Learning About Risk Factors for Stroke

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What puts you at risk for stroke?

Your chances of having a stroke depend on your risk factors. Some risks can be lowered with treatment and a healthy lifestyle. Others can't.

This list includes some of the risk factors for having a stroke. You and your doctor can discuss your risk and how to lower it.

Risk factors you can control with treatment

  • Atrial fibrillation. This type of irregular heartbeat increases the risk of blood clots that could cause a stroke.
  • Atherosclerosis. Also called hardening of the arteries, this happens when fatty deposits build up inside arteries. It can cause conditions such as carotid artery disease or coronary artery disease.
  • Diabetes. Diabetes results in high blood sugar. Over time, high blood sugar can lead to hardening of the arteries.
  • High blood pressure. Over time, this damages the walls of the arteries which can lead to hardening of the arteries.
  • High cholesterol. This can lead to the buildup of fatty deposits in artery walls.
  • Other health problems. There are many problems that raise the risk of blood clots that could cause a stroke. These include sickle cell disease and blood clotting problems.

Risk factors you can control with a heart-healthy lifestyle

  • Smoking. Smoking, or even inhaling secondhand smoke, increases your risk of heart attack and stroke.
  • Being overweight. This makes it more likely that you'll develop high blood pressure, heart problems, and diabetes. These conditions make a stroke more likely.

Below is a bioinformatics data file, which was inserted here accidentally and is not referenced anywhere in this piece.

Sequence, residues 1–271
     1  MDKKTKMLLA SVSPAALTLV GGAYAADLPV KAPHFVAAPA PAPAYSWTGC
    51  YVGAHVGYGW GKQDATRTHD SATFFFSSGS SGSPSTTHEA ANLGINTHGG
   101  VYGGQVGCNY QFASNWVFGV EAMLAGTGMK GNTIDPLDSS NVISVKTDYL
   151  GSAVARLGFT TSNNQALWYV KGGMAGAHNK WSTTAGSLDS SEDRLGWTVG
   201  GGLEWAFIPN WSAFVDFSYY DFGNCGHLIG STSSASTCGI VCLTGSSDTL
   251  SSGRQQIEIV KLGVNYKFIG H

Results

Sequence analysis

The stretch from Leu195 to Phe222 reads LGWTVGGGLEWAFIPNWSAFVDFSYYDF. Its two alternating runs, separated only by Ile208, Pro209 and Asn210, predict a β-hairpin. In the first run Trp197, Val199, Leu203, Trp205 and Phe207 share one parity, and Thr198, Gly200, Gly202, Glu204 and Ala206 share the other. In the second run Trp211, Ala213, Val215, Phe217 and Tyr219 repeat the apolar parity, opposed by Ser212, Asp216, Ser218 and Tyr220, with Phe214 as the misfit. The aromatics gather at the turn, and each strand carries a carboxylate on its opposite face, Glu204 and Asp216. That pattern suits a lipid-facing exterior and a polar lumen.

• Drinking too much alcohol. This means more than 2 drinks a day for men and 1 drink a day for women.
  • Not getting enough physical activity. If you aren't active, you have a higher risk of health conditions that make a stroke more likely.
  • Not eating a heart-healthy diet. Heart-healthy eating includes vegetables, fruits, nuts, beans, lean meat, fish, and whole grains. You limit things like sodium, alcohol, and sugar.

Risk factors you can't control

  • Having had a previous stroke or TIA (transient ischemic attack).
  • Having a family history of stroke. Your chances of having a stroke are higher if other people in your family have had one.
  • Being older. The risk of stroke goes up as you age.
  • Being African American, Alaskan Native, Native American, or South Asian American.
  • Being female. Women have a higher risk of stroke than men.
  • Having certain problems during pregnancy. These include gestational diabetes and preeclampsia.
  • Being past menopause.

Where can you learn more?

Go to http://www.healthwise.net/patientEd

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The Health Encyclopedia contains general health information. Not all treatments or services described are covered benefits for Kaiser Permanente members or offered as services by Kaiser Permanente. For a list of covered benefits, please refer to your Evidence of Coverage or Summary Plan Description. For recommended treatments, please consult with your health care provider.